Easier citizenship test for wannabe Aussies after Senate rejects amendments

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Turnbull, Dutton
Australia's Prime Minister Malcolm Turnbull (L) and Minister for Immigration and Border Protection Peter Dutton speak on Australia's citizenship test during a press conference at Parliament House in Canberra, Australia, April 20, 2017. Reuters/Lukas Coch

Applications of migrants who want to become Australians will be processed under the current rules. That means easier tests for wannabe Aussies can be expected.

Immigration Minister Peter Dutton has told the ABC News that applications received after April 20 would be processed under current laws. In April, the federal government announced its planned changes that would have made it harder to become an Australian citizen.

The changes included introducing university-level English language tests. Also, permanent residents need to wait four years to apply instead of one.

But the government's citizenship changes have faced a huge blow in the Senate. Thousands of migrants who want to become Aussies are now no longer in limbo.

“There are many thousands of people whose lives have basically been put on hold by Peter Dutton and from today those people can move forward with their lives, make choices about their future and have confidence that their applications will be assessed under the current legislation,” Greens Senator Nick McKim told SBS News. The Senate crossbench reportedly rejected Dutton’s proposal hours before a parliamentary deadline to keep his bill.

NXT senator Stirling Griff had called on the government to begin processing new citizenship applications. "The government did not need legislation to impose the freeze on citizenship applications and it most certainly does not need legislation to lift it," he previously said.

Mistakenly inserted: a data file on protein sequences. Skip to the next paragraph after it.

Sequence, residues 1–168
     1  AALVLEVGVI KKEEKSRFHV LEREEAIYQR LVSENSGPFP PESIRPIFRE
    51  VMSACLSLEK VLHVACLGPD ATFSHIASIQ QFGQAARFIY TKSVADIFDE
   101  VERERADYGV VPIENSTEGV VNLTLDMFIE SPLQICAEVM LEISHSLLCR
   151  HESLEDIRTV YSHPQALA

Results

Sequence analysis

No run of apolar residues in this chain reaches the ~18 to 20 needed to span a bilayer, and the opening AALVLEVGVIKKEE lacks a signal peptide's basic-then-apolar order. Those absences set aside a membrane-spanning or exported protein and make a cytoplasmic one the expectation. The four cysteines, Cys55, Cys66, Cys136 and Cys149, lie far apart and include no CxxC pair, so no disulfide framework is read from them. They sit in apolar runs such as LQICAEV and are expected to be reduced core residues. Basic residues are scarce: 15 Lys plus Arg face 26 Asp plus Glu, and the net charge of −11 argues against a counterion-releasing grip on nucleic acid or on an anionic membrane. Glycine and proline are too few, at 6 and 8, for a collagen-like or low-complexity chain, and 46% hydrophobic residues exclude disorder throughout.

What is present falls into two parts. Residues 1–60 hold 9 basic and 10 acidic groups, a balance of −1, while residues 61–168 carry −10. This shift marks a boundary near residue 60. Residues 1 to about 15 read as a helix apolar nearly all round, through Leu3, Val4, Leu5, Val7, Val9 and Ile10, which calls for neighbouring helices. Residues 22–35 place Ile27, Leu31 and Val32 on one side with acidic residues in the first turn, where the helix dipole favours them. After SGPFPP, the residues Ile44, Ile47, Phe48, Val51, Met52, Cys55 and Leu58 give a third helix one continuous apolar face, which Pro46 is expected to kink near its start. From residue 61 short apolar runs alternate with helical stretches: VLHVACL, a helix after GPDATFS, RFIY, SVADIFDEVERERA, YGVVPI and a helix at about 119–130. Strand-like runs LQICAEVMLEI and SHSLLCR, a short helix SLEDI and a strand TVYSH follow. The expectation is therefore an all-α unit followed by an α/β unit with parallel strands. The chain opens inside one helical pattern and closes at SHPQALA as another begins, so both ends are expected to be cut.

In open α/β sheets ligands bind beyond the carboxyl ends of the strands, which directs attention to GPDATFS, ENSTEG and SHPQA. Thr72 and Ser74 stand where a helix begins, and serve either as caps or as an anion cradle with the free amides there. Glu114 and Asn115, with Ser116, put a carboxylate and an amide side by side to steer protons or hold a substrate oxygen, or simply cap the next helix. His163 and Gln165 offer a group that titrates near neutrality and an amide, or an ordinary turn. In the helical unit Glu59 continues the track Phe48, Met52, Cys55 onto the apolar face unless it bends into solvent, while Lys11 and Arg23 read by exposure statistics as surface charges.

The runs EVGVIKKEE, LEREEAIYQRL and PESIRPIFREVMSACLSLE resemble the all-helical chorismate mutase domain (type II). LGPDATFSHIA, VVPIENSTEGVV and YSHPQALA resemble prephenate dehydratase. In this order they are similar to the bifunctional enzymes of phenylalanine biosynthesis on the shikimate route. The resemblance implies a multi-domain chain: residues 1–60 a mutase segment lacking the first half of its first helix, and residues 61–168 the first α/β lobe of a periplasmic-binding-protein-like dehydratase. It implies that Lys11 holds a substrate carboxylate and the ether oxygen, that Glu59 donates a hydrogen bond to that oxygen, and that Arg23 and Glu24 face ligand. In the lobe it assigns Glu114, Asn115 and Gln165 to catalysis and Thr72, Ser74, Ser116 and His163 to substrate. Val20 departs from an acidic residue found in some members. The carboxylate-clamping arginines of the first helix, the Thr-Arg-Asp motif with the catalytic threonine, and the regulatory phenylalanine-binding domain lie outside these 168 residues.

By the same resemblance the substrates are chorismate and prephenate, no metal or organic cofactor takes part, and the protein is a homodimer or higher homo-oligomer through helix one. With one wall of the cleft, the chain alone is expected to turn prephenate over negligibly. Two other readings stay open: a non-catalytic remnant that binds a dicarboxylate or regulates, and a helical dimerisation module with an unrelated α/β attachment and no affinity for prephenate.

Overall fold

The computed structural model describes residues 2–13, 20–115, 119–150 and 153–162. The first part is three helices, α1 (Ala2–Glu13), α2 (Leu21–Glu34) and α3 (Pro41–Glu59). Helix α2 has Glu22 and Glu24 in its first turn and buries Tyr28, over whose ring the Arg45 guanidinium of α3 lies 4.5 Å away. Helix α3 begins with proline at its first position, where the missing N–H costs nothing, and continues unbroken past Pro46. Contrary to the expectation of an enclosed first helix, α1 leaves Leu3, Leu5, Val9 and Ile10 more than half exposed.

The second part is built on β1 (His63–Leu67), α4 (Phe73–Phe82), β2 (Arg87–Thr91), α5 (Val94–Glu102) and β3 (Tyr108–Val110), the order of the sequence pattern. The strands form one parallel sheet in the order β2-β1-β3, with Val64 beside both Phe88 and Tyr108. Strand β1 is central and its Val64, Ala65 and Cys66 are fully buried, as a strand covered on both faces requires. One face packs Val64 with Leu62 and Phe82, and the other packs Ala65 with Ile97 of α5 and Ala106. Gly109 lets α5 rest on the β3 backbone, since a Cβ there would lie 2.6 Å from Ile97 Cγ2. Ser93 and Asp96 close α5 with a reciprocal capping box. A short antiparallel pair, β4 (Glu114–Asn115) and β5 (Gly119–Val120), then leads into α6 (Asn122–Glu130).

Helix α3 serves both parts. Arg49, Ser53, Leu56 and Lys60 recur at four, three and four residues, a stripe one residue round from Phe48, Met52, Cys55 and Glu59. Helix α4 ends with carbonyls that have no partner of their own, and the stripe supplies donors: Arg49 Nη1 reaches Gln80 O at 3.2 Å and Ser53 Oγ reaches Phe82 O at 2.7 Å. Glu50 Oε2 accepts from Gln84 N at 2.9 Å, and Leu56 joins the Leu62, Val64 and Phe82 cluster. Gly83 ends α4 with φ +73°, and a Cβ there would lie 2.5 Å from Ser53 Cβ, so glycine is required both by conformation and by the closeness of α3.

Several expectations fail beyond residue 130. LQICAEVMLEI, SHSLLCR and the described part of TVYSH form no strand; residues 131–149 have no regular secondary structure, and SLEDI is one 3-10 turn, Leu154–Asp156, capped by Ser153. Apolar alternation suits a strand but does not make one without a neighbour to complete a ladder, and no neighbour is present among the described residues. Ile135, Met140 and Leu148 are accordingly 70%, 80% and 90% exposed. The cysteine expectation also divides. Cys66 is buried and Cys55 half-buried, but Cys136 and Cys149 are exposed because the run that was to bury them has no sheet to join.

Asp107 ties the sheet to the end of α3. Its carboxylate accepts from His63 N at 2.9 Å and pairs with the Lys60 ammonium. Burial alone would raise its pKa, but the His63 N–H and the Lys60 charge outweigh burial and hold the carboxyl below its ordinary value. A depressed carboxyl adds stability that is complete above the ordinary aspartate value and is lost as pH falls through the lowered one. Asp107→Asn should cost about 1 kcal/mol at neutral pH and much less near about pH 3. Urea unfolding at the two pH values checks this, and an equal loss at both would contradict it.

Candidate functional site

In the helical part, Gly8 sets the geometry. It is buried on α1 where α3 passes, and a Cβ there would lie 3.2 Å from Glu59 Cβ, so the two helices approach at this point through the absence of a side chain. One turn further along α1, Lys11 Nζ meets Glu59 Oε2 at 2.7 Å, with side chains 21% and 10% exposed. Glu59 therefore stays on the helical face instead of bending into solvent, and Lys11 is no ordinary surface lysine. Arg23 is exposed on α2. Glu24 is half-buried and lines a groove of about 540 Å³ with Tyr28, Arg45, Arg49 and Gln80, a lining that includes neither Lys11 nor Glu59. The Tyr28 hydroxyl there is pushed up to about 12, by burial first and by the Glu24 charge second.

A spokesperson for the immigration minister has confirmed that migrants who have already submitted applications for citizenship and those who plan to will be assessed under existing requirements instead of the tougher measures announced by the government, SBS News reports. If the government gets them through parliament, the new start date for the changes would be from July 1, 2018. It is understood that applications received until then will be processed under the current law.

The federal government reportedly wanted applications received since April 20 to be processed under its proposed changes. A spokesperson for Dutton said the government was committed to strengthening citizenship, and discussions would keep on with the independent senators.

It appeared the government was willing to reduce its proposed English-language skill threshold to “modest” from “competent.” On the nine-level International English Language Testing System scale, the change will be from level six to five.

On Wednesday, Dutton looked confident that their proposal is moderate and sensible. Currently, language skills are not tested in the Australian citizenship process, but some English is needed.